Greg Vincent '87 Named Vice Provost at University of Oregon
As vice provost for the University of Oregon, Greg Vincent '87 serves on the President's cabinet and will provide leadership and direction for all of the equity and diversity matters concerning faculty, students, and staff. His greatest challenge is minority faculty recruitment, for which there is significant competition nationwide. He will lead an innovative augmentation program that provides newly-hired minority faculty with a three-year stipend to supplement salary, or fund research and/or travel to support professional development. Hires will help replenish the faculty, hard hit by senior faculty retirements in recent years. Greg says, "We've not lost any ground in the last few years and are now making progress in the recruitment of both junior and senior faculty." Greg also joined the law faculty where he will teach employment discrimination and civil rights.
The University of Oregon is the state's flagship university with 18,000 students on the Eugene, Oregon campus. Minority students currently comprise 14 percent of the student population and Greg is anxious to attract more. He is currently working on an initiative to recruit more minority students from the Portland area. Using what is learned in the Portland initiative, the University of Oregon will expand its minority recruitment initiative to California and the Northwest.
Greg's background is particularly well-suited to the position. As a lawyer, Greg focused his practice on civil rights and labor law in both public and private sectors. He worked in the Civil Rights Section of the Ohio Attorney General's Office, a job he called "a dream come true." He was promoted to regional and legal affairs director of the Ohio Civil Rights Commission. As vice president and lead counsel for Bank One, he successfully developed a comprehensive human resource and diversity plan and helped settle a major employment case.
Although he enjoyed his work, he was increasingly concerned about initiatives like Proposition 209 which eliminated affirmative action in California, and the Hopwood case that redefined race in college admissions.
Wanting to do more, Greg joined the University of Wisconsin-Madison as an assistant vice chancellor in 1995. As director of the Equity and Diversity Resource Center at Wisconsin, he developed a leadership institute for faculty and administrators, worked with the university governance structure to create equity committees in each school and college, and chaired the committee that created a comprehensive human resource and diversity plan for the university.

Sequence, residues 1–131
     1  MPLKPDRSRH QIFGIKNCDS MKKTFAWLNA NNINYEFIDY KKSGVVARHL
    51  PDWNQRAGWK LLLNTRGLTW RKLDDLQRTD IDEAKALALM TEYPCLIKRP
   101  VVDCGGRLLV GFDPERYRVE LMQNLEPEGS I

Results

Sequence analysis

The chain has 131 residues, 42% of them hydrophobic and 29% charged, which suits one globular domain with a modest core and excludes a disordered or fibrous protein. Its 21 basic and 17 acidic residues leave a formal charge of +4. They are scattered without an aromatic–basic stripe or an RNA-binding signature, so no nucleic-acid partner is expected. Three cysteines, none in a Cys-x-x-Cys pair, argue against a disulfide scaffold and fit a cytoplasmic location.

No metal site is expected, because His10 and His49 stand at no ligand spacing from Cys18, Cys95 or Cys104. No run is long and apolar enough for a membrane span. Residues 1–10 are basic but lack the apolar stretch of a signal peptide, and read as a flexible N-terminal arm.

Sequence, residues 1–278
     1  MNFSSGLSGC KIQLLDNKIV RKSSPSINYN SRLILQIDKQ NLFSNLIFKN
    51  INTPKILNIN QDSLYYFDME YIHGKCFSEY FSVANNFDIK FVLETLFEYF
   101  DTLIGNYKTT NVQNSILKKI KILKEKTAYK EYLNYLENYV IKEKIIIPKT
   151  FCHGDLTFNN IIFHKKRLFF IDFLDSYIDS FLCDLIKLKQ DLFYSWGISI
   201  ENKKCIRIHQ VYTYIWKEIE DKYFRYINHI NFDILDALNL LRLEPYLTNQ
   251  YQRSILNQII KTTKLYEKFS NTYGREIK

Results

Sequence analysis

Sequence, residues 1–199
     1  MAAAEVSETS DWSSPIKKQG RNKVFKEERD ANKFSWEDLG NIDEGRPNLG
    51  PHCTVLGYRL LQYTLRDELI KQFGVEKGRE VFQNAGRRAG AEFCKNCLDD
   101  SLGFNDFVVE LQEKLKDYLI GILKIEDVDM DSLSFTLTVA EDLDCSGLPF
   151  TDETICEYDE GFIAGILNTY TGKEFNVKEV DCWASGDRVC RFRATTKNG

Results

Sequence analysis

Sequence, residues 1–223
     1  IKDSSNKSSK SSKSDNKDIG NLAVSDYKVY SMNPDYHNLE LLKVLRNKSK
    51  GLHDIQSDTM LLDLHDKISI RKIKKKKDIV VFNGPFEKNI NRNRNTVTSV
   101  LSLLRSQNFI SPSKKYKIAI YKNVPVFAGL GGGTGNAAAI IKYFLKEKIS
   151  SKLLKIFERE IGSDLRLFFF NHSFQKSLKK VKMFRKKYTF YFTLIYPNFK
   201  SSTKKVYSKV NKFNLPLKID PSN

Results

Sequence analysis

His next academic post was at Louisiana State University where he served as vice provost and law professor. As vice provost, he led several units including the Office of International Programs, the Division of Continuing Education, the Office of Multicultural Affairs, the Academic Center for Student Athletes and the Women's Center. Greg also taught employment discrimination, evidence, administrative law and education law and policy, and served on the Admissions Committee.
Greg was one of only 20 senior academic administrators nationwide to be accepted into the University of Pennsylvania's intensive executive doctoral degree program. He completed his dissertation on community/university partnerships and graduated in May. Louisiana State University and the University of Oregon will publish portions of his dissertation. He also had the opportunity to study in Prague last summer.
Assessing his success to date, Greg is proudest of his role as a mentor. Well-schooled by his father and mother, an engineer and executive with the New York Transit Authority and a counselor and elected school board member, Greg has "paid forward" in the Ohio State tradition. "Throughout my career, I have always felt it was my duty to prepare my deputy to eventually move into my position," he says. He takes great pride in his track record of being succeeded by his deputy each time he left a position.